- Microwave again for 30 seconds. Knead again until the cheese is smooth and shiny. Test your cheese for stretch by pulling it slowly apart. If it stretches well and does not break, it is ready. If it still does not stretch, return your cheese to the bowl and microwave it again for 30 seconds. Once the cheese has reached a high enough temperature and has been kneaded sufficiently, it will stretch without breaking and will be ready to salt. If the cheese does not stretch, microwave it again for an additional 30 seconds. Note that the cheese will not stretch properly if it is below 58°C. You may continue to heat and knead your Mozzarella to get a firmer cheese; however, over-kneading will result in a very firm and almost rubbery cheese.
- Microwave and then knead for a final time; only this time, work in your salt as you knead.
- When your cheese is finished, make it into two balls and drop them into cold, non-chlorinated water to cool for a few minutes. Alternatively, try eating some right away while it is still hot for a real treat.
Water Bath Method
Note: With this method, your hands need to go into the hot whey; using heavy rubber gloves is highly recommended.
- Scoop the curds into a bowl using a perforated spoon, retaining the whey in the pot for further use.
- Press the curds with your hands and drain as much excess whey as you can back into the pot. Gently fold the cheese as you go, expelling additional whey. Do this several times.
- Heat the whey remaining in the pot to 85°C. Place your curds into a small colander and then place your curds while still in the colander into the pot of 85°C whey for five to seven minutes.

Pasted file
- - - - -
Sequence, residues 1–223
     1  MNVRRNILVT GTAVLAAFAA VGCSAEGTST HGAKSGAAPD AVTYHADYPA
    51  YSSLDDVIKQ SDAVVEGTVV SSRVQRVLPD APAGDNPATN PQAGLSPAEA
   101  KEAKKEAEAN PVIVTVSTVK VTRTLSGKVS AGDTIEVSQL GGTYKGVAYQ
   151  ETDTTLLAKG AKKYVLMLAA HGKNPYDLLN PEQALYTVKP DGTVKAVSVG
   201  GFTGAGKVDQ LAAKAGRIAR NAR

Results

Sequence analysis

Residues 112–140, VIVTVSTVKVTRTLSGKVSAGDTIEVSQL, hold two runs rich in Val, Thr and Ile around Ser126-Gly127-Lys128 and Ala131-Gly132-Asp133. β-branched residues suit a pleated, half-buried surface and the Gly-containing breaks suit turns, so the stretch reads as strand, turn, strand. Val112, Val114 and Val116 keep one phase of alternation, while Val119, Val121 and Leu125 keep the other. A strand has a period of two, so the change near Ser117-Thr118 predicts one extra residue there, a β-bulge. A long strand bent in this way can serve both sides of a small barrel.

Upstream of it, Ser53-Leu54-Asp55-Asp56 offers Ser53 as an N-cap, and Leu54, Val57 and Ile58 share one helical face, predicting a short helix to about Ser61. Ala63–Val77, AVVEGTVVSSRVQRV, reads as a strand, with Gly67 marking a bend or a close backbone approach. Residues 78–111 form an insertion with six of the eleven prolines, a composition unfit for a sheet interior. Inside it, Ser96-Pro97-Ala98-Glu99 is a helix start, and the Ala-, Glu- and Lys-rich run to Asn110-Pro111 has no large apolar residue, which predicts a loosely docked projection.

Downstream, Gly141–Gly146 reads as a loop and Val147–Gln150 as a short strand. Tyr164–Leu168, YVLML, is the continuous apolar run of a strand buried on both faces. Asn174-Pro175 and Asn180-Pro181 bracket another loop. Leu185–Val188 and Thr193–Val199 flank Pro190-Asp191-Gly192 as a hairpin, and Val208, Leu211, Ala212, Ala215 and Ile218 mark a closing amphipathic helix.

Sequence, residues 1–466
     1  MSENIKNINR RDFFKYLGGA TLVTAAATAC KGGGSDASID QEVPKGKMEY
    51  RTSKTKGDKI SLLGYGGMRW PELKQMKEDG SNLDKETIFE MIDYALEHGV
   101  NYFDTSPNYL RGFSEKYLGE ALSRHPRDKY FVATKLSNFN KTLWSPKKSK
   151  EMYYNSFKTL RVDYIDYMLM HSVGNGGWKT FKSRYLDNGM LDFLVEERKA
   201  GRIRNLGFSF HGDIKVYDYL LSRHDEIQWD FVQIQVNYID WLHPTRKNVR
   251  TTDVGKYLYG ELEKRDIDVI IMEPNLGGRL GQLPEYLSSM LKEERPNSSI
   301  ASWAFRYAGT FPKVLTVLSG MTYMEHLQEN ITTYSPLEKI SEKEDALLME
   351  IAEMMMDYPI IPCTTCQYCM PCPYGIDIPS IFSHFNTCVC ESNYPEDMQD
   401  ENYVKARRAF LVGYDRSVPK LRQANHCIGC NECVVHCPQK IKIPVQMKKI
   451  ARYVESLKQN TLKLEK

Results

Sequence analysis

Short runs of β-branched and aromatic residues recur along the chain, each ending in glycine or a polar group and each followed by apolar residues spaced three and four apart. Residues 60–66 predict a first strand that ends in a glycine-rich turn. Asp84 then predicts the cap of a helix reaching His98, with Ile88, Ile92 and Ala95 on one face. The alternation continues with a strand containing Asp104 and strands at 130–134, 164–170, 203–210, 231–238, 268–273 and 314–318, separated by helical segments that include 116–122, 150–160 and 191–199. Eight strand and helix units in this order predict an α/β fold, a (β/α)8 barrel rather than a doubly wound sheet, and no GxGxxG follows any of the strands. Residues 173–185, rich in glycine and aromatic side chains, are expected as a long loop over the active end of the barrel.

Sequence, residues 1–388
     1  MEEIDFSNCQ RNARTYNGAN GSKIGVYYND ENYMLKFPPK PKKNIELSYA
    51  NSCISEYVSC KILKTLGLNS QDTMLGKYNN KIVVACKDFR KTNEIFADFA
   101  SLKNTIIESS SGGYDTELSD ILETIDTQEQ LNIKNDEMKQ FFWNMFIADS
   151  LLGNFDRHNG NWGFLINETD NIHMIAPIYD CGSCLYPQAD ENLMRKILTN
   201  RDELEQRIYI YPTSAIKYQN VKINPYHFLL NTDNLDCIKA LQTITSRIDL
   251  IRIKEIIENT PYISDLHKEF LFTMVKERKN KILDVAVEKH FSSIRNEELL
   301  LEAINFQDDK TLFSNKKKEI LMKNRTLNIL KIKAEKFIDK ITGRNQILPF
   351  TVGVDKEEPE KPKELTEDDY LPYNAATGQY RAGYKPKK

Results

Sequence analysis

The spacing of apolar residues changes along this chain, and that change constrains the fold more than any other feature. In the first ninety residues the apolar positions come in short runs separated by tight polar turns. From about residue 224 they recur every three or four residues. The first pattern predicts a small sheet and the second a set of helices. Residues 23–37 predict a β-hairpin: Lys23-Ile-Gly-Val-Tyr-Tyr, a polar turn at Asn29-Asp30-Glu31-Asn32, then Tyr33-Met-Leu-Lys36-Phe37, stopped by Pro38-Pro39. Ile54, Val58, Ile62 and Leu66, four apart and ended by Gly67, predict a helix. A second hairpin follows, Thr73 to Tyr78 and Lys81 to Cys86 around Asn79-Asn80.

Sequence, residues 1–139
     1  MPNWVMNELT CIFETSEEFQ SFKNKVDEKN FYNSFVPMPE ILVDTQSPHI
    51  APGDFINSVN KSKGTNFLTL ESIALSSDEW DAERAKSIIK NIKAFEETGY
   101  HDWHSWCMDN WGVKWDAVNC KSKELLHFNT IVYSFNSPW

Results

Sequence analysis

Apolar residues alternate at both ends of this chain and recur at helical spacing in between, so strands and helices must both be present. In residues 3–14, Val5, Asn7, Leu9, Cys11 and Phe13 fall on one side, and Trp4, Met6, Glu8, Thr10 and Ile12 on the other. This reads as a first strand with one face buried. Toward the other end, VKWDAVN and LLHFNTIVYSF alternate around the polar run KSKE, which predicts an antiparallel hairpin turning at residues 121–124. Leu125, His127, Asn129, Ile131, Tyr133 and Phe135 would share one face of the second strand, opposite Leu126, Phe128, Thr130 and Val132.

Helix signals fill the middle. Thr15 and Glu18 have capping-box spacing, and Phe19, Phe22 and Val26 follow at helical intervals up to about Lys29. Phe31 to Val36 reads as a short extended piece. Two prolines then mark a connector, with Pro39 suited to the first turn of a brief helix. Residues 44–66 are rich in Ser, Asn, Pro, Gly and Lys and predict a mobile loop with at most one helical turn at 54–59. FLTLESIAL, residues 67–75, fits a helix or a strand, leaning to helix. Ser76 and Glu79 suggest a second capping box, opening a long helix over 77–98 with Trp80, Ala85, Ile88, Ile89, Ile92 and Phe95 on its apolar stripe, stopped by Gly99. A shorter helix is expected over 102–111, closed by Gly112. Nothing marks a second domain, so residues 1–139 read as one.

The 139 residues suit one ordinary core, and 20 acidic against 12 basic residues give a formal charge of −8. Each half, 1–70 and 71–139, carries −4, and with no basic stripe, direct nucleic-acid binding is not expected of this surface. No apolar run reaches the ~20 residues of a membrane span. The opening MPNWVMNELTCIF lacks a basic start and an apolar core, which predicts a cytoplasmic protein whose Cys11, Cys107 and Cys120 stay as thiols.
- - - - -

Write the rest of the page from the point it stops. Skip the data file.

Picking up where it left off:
- While still in the hot whey, fold your cheese over itself several times like you are beginning to knead until it starts to feel elastic and stretchy.
- Remove the cheese from the hot whey and place it on a glass or smooth, food-grade plastic cutting board, placed on a draining area near your sink, and knead the cheese like bread again until it begins to cool.
- Return your cheese to the hot whey to reheat, and continue to work the cheese with your hands. Again remove the cheese from the whey and knead it again on the cutting board.
- Test your cheese for stretch by pulling it slowly apart. If it stretches well and does not break, it is ready. If it still does not stretch, return your cheese to the hot whey and continue to work your cheese.
- Once the cheese is stretchy, remove it from the hot whey, and while the cheese is still hot, quickly knead in your cheese salt. This must be done while the cheese is still hot, as it will not stretch once it drops below 58°C.
- When your cheese is finished, make it into two balls and drop them into cold non-chlorinated water to cool for a few minutes. Alternatively, try eating some right away while it is still hot for a real treat.
This cheese can be stored in an air-tight container in the fridge for up to one week or in the freezer for one month.
I like to use my mozzarella fresh immediately after making it. Add it to pizza, cut it up into a salad or eat it hot right off the plate.
This recipe has been taken from my book. Home Cheese Making in Australia is now in its second edition with even more recipes.
I hope this post empowers you to give cheese-making a go. It is a wonderful skill to have, making your life richer, more independent, and more sustainable. It also tastes better than mass-produced, store-bought Mozzarella and saves you money while allowing you to eat food knowing exactly what is in it.
As always, live well.